Automatic Revocation of Tax Exemption

Posted on Tuesday, June 28, 2011

On June 9, 2011 the Internal Revenue Service announced that it had released a listing of about 275,000 organizations that automatically lost their tax-exempt status due to not having filed the required annual reports in the past three years.

If your organization was listed or received a notice from the IRS saying its exempt status was revoked, there is more to getting the exemptions back than just filing the missing returns. The organization must reapply by filling out IRS Form 1023 – Application for Recognition of Exemption under Section 501(c)3 of the Internal Revenue Code or IRS Form 1024 – Application for Recognition of Exemption under Section 501(a), depending on the type of tax exemption it originally had. The appropriate form is required even if your organization did not have to file it originally. There is also a fee that needs to be paid ranging from $400-$850. Currently the IRS is processing forms received in December 2010.

The IRS has issued guidance on how organizations can apply for reinstatement of their tax-exempt status. If your organization is considered a small organization, one that normally has annual gross receipts of not more than $50,000 in their most recently completed taxable year, it may qualify for reinstatement retroactive to the date of the automatic revocation and be able to pay only $100. See IRS Notice 2011-43 for additional information.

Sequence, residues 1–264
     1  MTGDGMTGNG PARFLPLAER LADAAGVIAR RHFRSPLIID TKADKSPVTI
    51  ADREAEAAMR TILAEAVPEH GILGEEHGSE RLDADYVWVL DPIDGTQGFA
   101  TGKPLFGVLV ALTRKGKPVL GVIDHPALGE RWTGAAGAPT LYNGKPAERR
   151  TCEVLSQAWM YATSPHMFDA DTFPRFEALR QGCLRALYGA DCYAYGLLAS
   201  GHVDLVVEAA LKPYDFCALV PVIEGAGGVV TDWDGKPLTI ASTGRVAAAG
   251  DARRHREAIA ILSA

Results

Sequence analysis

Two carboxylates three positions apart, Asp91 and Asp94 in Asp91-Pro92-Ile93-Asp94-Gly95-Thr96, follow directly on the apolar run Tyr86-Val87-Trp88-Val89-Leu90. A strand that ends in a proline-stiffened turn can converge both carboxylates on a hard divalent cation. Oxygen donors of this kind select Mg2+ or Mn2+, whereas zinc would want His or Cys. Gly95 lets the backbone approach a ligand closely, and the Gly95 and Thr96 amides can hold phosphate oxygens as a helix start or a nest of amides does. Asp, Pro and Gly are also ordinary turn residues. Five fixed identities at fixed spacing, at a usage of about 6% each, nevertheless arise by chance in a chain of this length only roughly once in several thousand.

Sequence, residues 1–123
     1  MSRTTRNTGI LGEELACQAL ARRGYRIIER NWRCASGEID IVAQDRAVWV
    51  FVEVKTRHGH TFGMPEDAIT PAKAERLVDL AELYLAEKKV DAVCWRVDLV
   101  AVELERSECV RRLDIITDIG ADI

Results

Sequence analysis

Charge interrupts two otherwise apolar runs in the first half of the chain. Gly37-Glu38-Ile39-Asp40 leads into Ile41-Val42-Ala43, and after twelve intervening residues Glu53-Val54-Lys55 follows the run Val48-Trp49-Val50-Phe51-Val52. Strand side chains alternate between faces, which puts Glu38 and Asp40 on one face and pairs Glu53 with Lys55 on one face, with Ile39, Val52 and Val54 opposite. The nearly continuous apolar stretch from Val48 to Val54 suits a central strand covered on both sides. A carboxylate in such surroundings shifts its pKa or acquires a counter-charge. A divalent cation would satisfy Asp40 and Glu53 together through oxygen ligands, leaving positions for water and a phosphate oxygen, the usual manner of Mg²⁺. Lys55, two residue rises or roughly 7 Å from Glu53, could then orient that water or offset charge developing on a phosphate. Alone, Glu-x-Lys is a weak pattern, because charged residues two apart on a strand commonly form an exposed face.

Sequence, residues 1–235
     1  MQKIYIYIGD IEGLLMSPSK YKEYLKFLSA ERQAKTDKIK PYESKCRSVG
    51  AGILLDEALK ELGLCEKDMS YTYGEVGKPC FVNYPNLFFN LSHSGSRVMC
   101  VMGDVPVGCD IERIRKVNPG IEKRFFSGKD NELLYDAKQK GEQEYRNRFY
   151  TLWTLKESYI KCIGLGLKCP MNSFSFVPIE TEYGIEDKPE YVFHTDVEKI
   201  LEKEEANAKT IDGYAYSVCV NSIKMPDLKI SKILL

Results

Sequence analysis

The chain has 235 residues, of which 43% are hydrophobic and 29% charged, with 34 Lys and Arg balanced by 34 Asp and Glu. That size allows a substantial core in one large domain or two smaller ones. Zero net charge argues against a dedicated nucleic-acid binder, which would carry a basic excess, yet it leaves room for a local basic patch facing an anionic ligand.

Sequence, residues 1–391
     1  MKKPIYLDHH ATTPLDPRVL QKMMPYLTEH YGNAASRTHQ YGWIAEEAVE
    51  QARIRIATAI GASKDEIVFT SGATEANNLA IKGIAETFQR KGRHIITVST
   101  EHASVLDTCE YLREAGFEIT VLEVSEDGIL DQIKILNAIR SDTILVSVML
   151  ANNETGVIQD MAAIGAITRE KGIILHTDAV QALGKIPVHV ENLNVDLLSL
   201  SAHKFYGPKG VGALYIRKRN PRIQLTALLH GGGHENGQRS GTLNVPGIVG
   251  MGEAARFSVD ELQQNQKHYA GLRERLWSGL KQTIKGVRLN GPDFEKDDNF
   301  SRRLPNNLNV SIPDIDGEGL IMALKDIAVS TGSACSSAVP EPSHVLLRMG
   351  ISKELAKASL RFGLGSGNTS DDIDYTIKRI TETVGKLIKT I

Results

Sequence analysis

If your organization does not qualify as a small organization IRS notice 2011-44 explains how to apply for reinstatement. The reinstatement will only be retroactive if you can show reasonable cause for failing to file the returns. Otherwise, it will be effective the date the organization filed its new form 1023 or 1024.

The IRS notices can be found by visiting

Posted by: Susan Berghoff, CPA

Posted in Mission Minded Nonprofits

Disclaimer: The information contained in Dulin, Ward & DeWald’s blog is provided for general educational purposes only and should not be construed as financial or legal advice on any subject matter. Before taking any action based on this information, we strongly encourage you to consult competent legal, accounting or other professional advice about your specific situation. Questions on blog posts may be submitted to your DWD representative.

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